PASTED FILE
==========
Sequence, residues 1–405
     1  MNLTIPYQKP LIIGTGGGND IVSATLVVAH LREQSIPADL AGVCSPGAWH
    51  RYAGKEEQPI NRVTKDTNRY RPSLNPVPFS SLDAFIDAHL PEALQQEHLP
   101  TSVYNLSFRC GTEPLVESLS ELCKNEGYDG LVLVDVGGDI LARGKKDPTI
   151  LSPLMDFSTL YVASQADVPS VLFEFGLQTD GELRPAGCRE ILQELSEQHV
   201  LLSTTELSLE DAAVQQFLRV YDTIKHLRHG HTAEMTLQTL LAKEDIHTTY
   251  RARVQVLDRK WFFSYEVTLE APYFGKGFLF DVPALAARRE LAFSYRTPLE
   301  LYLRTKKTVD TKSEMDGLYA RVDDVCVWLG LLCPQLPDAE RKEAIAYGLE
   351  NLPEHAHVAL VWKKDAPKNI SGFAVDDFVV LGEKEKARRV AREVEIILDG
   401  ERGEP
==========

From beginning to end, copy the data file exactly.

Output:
Sequence, residues 1–405
     1  MNLTIPYQKP LIIGTGGGND IVSATLVVAH LREQSIPADL AGVCSPGAWH
    51  RYAGKEEQPI NRVTKDTNRY RPSLNPVPFS SLDAFIDAHL PEALQQEHLP
   101  TSVYNLSFRC GTEPLVESLS ELCKNEGYDG LVLVDVGGDI LARGKKDPTI
   151  LSPLMDFSTL YVASQADVPS VLFEFGLQTD GELRPAGCRE ILQELSEQHV
   201  LLSTTELSLE DAAVQQFLRV YDTIKHLRHG HTAEMTLQTL LAKEDIHTTY
   251  RARVQVLDRK WFFSYEVTLE APYFGKGFLF DVPALAARRE LAFSYRTPLE
   301  LYLRTKKTVD TKSEMDGLYA RVDDVCVWLG LLCPQLPDAE RKEAIAYGLE
   351  NLPEHAHVAL VWKKDAPKNI SGFAVDDFVV LGEKEKARRV AREVEIILDG
   401  ERGEP